In one or more embodiments of the invention, Thread 1A (202) and Thread 2 (204) are essentially the same as the identically named threads of FIG. 1. Further, Thread 1A (202) and Thread 2 (204) may include instructions for reading values from and/or writing values to one or more locations in the memory block (216). In one or more embodiments of the invention, Thread 1A (202) and Thread 2 (204) access the same memory location sequentially. In one or more embodiments of the invention, Thread 1A (202) and Thread 2 (204) execute in parallel and include instructions for accessing the same memory location(s).

In one or more embodiments of the invention, the transactional logic (206) is a layer of computer readable code executing between the memory block (216) and any thread (202, 204) attempting to access memory locations in the memory block. Specifically, the transactional logic (206) includes a contention manager (not shown) for resolving conflicting attempts by multiple threads (202, 204) to access one or more memory locations. Accordingly, the contention manager may dictate which thread is initially granted access to a memory location and which thread is initially denied access to the same memory location when a conflict exists. It will be apparent to one of ordinary skill in the art that although Thread 1A (202), Thread 2 (204), and the transactional logic (206) are depicted as being outside the memory block (216), these components may also reside in the memory block (216).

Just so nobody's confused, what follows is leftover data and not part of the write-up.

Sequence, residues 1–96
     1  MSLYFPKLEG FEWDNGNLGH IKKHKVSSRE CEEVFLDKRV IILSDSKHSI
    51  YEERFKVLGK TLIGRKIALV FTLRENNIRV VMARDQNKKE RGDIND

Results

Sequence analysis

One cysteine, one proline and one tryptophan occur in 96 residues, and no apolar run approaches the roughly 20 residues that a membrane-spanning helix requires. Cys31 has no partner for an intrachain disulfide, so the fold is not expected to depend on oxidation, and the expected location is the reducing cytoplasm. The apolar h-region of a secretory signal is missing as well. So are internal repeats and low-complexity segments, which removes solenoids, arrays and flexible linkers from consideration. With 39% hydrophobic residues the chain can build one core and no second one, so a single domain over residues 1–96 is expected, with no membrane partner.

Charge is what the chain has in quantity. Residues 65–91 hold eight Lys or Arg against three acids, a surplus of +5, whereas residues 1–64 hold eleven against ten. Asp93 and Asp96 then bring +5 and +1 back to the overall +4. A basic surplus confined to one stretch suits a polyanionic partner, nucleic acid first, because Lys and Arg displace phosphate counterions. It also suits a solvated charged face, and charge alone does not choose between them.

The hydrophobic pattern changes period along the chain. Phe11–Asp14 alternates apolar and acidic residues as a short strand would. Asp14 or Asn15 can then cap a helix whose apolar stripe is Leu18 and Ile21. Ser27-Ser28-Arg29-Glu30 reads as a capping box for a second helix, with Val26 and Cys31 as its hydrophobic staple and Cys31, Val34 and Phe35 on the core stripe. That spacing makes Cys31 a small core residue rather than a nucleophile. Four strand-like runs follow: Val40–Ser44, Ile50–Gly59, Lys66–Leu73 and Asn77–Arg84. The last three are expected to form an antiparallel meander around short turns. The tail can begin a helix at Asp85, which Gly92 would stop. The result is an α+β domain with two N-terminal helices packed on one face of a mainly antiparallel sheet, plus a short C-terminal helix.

In one or more embodiments of the invention, an atomic transaction is a group of instructions intended to be executed together. In other words, the outputs/results of the instructions (e.g., updates to memory locations) are not accessible to instructions outside the atomic transaction until after the atomic transaction is successfully executed. In one or more embodiments of the invention, an atomic transaction may be executed using a single thread. Alternatively, an atomic transaction may be executed using multiple threads. In one or more embodiments of the invention, atomic transactions are implemented using additional data structures to temporarily hold a new value generated by the instructions of the atomic transaction for a memory location. Once execution of the atomic transaction is complete, the existing value in the memory location is replaced by the new value, and the new value becomes visible to instructions outside the atomic transaction. In other words, regardless of how many different values are generated for a memory location by the instructions of an atomic transaction, only the final value will be viewable by instructions outside the atomic transaction (i.e., no intermediate state of the memory location is visible).

Further, atomic transactions may be nested. In other words, one atomic transaction (i.e., an inner or child atomic transaction) may exist entirely within another atomic transaction (i.e., an outer or parent atomic transaction). During execution, the inner atomic transaction must commit (i.e., complete execution) before the outer atomic transaction can commit. Atomic transactions may nest to any number of levels (e.g., parent atomic transactions, child atomic transactions, grandchild atomic transactions, great-grandchild atomic transactions, etc.). Further, there may be any number of atomic transactions within a given level (i.e., any number of sibling transactions).

In one or more embodiments of the invention, atomic transactions may execute in parallel. For example, a parent atomic transaction may execute in parallel with a child atomic transaction. As another example, multiple sibling atomic transactions may execute in parallel. In one or more embodiments of the invention, atomic transactions may execute in parallel no matter how many siblings exist, and no matter how deeply the atomic transactions are nested. Further, multiple atomic transactions may execute in parallel even when each of the multiple atomic transactions include instructions to modify the same memory location(s).

In contrast, a group of instructions for accessing a memory location may execute outside of an atomic transaction (i.e., non-transactional accesses).